- In bursitis, you’ll have a swollen lump under the IT band. Close to the knee joint. An ultrasound or MRI will show the swollen bursa.
- If it’s IT syndrome, the bursa will be ok.
Treatment for iliotibial bursitis focuses on rest and home care.
This will let the bursa heal. It can take a few weeks to recover from it, though. So, please be patient.
Also, it’s best to go to physical therapy. A physio will check your running patterns and optimize them. That way, you’ll reduce the friction on the bursa and prevent future episodes.
3) Lateral meniscus tear
A meniscus is a C-shaped cartilage that acts as a shock absorber. We have two menisci in each knee (2):
- The medial meniscus, on the inner side of the knee.
- The lateral meniscus, on the outer side.
Meniscus tears are common knee injuries. The rate in the US is 61 per 100,000 in the non-athlete population. This rate increases in athletes and the military. (2)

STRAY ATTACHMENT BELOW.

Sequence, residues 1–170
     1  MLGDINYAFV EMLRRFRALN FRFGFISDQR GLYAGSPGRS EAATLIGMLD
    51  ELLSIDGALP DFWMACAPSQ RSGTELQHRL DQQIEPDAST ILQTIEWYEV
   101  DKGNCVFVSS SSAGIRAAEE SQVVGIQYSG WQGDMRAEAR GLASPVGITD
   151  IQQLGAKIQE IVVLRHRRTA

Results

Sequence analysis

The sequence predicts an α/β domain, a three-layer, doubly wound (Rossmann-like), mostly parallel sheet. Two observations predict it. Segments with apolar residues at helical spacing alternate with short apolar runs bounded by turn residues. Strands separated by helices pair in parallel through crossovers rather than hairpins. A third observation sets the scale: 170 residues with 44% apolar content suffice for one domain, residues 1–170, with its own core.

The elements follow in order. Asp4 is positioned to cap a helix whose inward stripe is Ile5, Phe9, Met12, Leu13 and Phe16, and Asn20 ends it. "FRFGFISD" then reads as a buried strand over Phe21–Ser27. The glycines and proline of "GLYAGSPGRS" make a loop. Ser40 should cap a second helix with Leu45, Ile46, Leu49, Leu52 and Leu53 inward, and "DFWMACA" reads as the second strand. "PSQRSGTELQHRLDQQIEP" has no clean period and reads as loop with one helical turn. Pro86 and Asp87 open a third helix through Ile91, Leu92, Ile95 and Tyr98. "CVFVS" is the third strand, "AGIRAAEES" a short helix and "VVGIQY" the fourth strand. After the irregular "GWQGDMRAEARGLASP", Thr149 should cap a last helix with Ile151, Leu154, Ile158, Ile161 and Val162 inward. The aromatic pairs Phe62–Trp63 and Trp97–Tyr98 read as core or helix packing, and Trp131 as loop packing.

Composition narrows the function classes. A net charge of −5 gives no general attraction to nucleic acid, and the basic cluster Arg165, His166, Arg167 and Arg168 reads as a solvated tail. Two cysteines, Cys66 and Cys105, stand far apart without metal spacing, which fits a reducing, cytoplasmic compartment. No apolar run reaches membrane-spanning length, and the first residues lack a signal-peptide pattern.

A meniscus can tear during sports, when running and changing directions suddenly. Also, aging weakens the cartilage, making it prone to tears. (2)
If the tear is on the lateral meniscus, you may have lateral knee pain. The pain will likely also get worse when kneeling. It can be hard to walk, too.
If it’s a torn meniscus, these other symptoms can also be present (2):
- Knee pain and swelling that worsens in the 2-3 days after the injury.
- It can be hard to straighten the knee joint.
- You may feel like the joint locks up.
- The joint may click or pop when it didn’t before the knee injury.
- You may have knee instability.
Doctors often ask for imaging tests if they think there’s a torn meniscus. This will show the size and location of the tear. That way, your healthcare providers will design the best treatment for you.